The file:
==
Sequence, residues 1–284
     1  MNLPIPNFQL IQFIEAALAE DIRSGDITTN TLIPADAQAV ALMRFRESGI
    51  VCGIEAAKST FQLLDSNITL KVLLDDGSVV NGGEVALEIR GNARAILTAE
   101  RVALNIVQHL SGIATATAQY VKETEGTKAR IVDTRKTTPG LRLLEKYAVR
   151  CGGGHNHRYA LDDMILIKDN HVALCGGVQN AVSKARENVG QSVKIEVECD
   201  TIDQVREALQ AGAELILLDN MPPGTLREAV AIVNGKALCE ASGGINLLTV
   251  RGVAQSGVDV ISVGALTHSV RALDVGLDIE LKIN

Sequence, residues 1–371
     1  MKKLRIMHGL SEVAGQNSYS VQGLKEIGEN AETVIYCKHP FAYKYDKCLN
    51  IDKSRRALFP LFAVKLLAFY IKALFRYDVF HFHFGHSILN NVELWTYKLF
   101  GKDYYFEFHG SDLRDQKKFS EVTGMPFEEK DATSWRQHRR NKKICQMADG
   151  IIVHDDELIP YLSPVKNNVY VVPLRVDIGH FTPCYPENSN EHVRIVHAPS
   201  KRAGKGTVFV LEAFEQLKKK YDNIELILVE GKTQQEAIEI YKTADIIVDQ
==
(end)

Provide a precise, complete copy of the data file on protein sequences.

Sequence, residues 1–284
     1  MNLPIPNFQL IQFIEAALAE DIRSGDITTN TLIPADAQAV ALMRFRESGI
    51  VCGIEAAKST FQLLDSNITL KVLLDDGSVV NGGEVALEIR GNARAILTAE
   101  RVALNIVQHL SGIATATAQY VKETEGTKAR IVDTRKTTPG LRLLEKYAVR
   151  CGGGHNHRYA LDDMILIKDN HVALCGGVQN AVSKARENVG QSVKIEVECD
   201  TIDQVREALQ AGAELILLDN MPPGTLREAV AIVNGKALCE ASGGINLLTV
   251  RGVAQSGVDV ISVGALTHSV RALDVGLDIE LKIN

Sequence, residues 1–371
     1  MKKLRIMHGL SEVAGQNSYS VQGLKEIGEN AETVIYCKHP FAYKYDKCLN
    51  IDKSRRALFP LFAVKLLAFY IKALFRYDVF HFHFGHSILN NVELWTYKLF
   101  GKDYYFEFHG SDLRDQKKFS EVTGMPFEEK DATSWRQHRR NKKICQMADG
   151  IIVHDDELIP YLSPVKNNVY VVPLRVDIGH FTPCYPENSN EHVRIVHAPS
   201  KRAGKGTVFV LEAFEQLKKK YDNIELILVE GKTQQEAIEI YKTADIIVDQ